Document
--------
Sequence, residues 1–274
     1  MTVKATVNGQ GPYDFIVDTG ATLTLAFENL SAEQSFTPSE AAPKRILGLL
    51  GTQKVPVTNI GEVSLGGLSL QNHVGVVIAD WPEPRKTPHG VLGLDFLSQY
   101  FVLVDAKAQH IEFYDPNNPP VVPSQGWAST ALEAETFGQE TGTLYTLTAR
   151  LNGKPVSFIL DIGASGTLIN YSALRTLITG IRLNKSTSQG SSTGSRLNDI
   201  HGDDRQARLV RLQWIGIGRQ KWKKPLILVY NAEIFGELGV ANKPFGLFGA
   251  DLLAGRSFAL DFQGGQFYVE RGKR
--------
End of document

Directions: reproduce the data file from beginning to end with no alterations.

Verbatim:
Sequence, residues 1–274
     1  MTVKATVNGQ GPYDFIVDTG ATLTLAFENL SAEQSFTPSE AAPKRILGLL
    51  GTQKVPVTNI GEVSLGGLSL QNHVGVVIAD WPEPRKTPHG VLGLDFLSQY
   101  FVLVDAKAQH IEFYDPNNPP VVPSQGWAST ALEAETFGQE TGTLYTLTAR
   151  LNGKPVSFIL DIGASGTLIN YSALRTLITG IRLNKSTSQG SSTGSRLNDI
   201  HGDDRQARLV RLQWIGIGRQ KWKKPLILVY NAEIFGELGV ANKPFGLFGA
   251  DLLAGRSFAL DFQGGQFYVE RGKR